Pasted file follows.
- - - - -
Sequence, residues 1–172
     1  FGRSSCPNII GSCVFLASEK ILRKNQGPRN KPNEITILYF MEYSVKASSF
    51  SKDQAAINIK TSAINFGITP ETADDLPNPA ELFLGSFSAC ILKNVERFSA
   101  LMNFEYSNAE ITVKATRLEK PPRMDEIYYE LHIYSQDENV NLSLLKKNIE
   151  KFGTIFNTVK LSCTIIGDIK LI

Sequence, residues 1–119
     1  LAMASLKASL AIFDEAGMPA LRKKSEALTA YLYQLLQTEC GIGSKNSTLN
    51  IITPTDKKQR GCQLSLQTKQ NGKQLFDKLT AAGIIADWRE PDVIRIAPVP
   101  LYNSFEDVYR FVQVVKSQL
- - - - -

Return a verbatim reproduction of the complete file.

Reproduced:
Sequence, residues 1–172
     1  FGRSSCPNII GSCVFLASEK ILRKNQGPRN KPNEITILYF MEYSVKASSF
    51  SKDQAAINIK TSAINFGITP ETADDLPNPA ELFLGSFSAC ILKNVERFSA
   101  LMNFEYSNAE ITVKATRLEK PPRMDEIYYE LHIYSQDENV NLSLLKKNIE
   151  KFGTIFNTVK LSCTIIGDIK LI

Sequence, residues 1–119
     1  LAMASLKASL AIFDEAGMPA LRKKSEALTA YLYQLLQTEC GIGSKNSTLN
    51  IITPTDKKQR GCQLSLQTKQ NGKQLFDKLT AAGIIADWRE PDVIRIAPVP
   101  LYNSFEDVYR FVQVVKSQL